This is an audio slideshow I created as a supplement to an article on SBCC’s Edible Book Festival. As an economically-challenged journalist, most of my multimedia content is produced on a PC (through curses, tears, and prayers to the secular Mac gods for brighter tech days ahead).
The article was, unfortunately, killed. Still, bon appetit!
A cavalcade of tastes collided at the Third Annual Edible Book Festival held at Santa Barbara City College’s Luria Library.
The Edible Book Festival is an international event that celebrates Jean-Anthelme Brillat-Savarin, the father of modern gastronomy and famed French author of Physiologie du gout.
The event was founded in 2000 by Béatrice Coron and Judith Hoffberg, an art librarian and curator whose collection of books resides, in part, at UCSB.
The competition at City College was born a grassroots effort. “The festival is a celebration of culture, food, books and creativity,” librarian Elizabeth Bowman told Channels Newspaper. “The purpose is to get people interested in books, to bring people into the library, and to just have some fun.”
Fun and frenzy laced this year’s competition, with poor weather, last-minute arrivals, and a dental condition afflicting one of the judges stampeding their way through Bowman’s office.
“We have somebody who was making a sugar sculpture and it fell apart because the humidity is terrible,” Bowman recounted after a series of visitors calmed to a trickle. “One woman has been here with her cake for four hours. I hope she had lunch.”
“In the first year, no one knew what to expect…now they know and the expectations are high,” Bowman recounted. “Last year we forgot the plates and forks…this year we’re a little bit more organized. It’s still seat of the pants because it’s just fun,” she chuckled. “[But] it’s still a very low key, fun, encouraging, no pressure event.”
Then, suddenly: “Oh, Catch-22 just had a little accident,” Bowman charged exasperatedly, sweeping from her half-seated position to attend to a drooping piece of pastry.
Enthusiasm surrounding this year’s competition was palpable. Though it only boasted a roster of 43 entrants, the contest saw many students, staff, faculty, and retired faculty submissions in the final, water-logged hours.
Despite the last minute entries, Bowman assured us that contestants have been planning tirelessly over the past year. “People who were here last year have been thinking about it. They’ll go to the front desk and ask for suggestions of books or say, ‘Here’s my book can you think of how I can do it?’”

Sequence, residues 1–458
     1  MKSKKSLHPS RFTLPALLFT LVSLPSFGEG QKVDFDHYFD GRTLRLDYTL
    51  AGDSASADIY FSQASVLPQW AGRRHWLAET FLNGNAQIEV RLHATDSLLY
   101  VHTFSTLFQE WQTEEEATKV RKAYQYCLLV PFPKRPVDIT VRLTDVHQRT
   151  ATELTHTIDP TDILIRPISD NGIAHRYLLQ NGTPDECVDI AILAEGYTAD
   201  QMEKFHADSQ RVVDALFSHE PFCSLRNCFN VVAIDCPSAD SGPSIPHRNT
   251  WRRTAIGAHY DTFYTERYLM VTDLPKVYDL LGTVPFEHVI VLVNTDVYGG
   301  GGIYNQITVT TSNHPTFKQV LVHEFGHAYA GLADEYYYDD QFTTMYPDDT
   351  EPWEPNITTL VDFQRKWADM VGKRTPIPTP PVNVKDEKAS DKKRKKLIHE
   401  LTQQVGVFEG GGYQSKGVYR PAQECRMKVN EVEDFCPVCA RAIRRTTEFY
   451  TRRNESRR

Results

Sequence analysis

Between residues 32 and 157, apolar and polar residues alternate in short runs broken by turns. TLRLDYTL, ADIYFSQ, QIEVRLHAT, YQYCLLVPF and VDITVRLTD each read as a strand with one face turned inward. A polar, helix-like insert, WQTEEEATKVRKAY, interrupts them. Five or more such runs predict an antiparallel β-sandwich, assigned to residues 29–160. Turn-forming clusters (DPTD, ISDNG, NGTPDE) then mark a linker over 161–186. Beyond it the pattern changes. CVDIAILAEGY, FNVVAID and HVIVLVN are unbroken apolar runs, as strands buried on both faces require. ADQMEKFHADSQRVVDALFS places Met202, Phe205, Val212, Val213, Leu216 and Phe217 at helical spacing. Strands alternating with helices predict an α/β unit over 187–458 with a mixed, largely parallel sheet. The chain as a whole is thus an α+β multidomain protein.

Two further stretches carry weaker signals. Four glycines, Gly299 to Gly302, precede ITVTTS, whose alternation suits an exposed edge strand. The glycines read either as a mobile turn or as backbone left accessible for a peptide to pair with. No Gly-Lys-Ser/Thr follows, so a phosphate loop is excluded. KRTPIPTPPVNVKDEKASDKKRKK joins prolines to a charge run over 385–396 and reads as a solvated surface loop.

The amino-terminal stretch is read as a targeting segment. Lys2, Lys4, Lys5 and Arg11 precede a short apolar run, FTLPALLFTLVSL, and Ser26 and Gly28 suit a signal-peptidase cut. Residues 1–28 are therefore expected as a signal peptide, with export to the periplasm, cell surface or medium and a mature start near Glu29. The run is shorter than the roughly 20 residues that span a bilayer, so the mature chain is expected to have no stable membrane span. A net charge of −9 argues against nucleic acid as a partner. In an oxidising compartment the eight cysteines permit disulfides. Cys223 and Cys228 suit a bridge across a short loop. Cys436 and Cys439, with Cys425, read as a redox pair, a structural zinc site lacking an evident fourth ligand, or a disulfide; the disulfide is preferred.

“I was going to do something by myself, but I figured as a team effort we could get a lot more accomplished. It was still a long process,” detailed Sybille Kroemer, a culinary arts student. “We started on Saturday and we worked pretty much continuously every night. We were up until about 1am last night. And then I got up at 3:30am to finish it.”
Kroemer and partner Jackie Woo went through several iterations before submitted their ornate cake clothed in water-colored fondant (based on Stieg Larsson’s The Girl with the Dragon Tattoo). “I’m exhausted, but it was worth it. It was a lot of fun…I’ve learned a lot from this process. Jackie and I are already planning next year.”
“I made John drive to Albertsons last night to buy shredded wheat,” said Pegeen Soutar, artist behindJack and the Beanstalk, to a friend, as husband John stood in tow. “The little ones [weren’t] going to cut it.” Soutar and her son Josh created quite a stir with their installation of passion fruit-flavored marshmallow clouds and almond cake, which stood nearly two-feet in height.
“It’s cool what they can do,” said SBCC student, Ashley Medina, dazed by the flurry of activity whirling around her. “I liked the train [Murder on the Orient Express], it looks pretty cool.”
“The reason I pick a teacher, a student, and an alumni,” said Bowman on her selection of contest judges, “is because they all bring a different perspective. But they have to come to consensus. Sometimes it’s very hard.”
Sometimes the judges don’t come to a consensus at all, opting to create new categories to reward contestants for their innovation and creativity.
This year’s stock, largely vying for the ‘punniest’ award, were not as fortunate.
Highest Literary Merit: Murder on the Orient Express
Best Visual Presentation: Jack and the Beanstalk
Most Appetizing: Treasure Island
Most Nutritious: One Fish, Two Fish, Red Fish, Blue Fish
Most Easy: Alice in Wonderbreadland
Funniest/Punniest: If You Give a Pig a Pancake
Great Books: Catcher in the Rye
Best Collaborative Creation: Middle March
Inspired by the 2011 SBCC Reads Book: The Immortal Mitosis
Across the street from Fess Parker’s Doubletree Resort rests a sallow, geometric monument to disregard. The steel, once rainbow-colored sculpture, Herbert Bayer’s Chromatic Gate, stands 21 feet high and weighs a hefty 12.5 tons.
With Santa Barbara’s continuous flow of collegiate and sun-lusty tourists, it’s easy to forget that this town has remarkable and passionate history. While the city is very much a modern work in progress, the graying beast of Bayer’s Gate is an ever-present reminder that our legacy, at times, is left in the shadows.
The Chromatic Gate represents a modern and abstract period for its famed creator, Herbert Bayer. Bayer was an industrial, environmental, and graphic designer who dabbled in architecture, painting, sculpting, and photography. He, however, is best known as the last surviving master of Germany’s renowned Bauhaus school. There, Bayer studied mural painting and typography under the likes of legendary artists, like Wassily Kandinsky and László Moholy-Nagy.
Bayer eventually taught advertising layout and typography at Bauhaus. He is responsible for much of the school’s iconic pieces of text—later to influence the creation the Helvetica font. In 1928, Bayer left Bauhaus to become the Art Director of Vogue magazine’s Berlin office.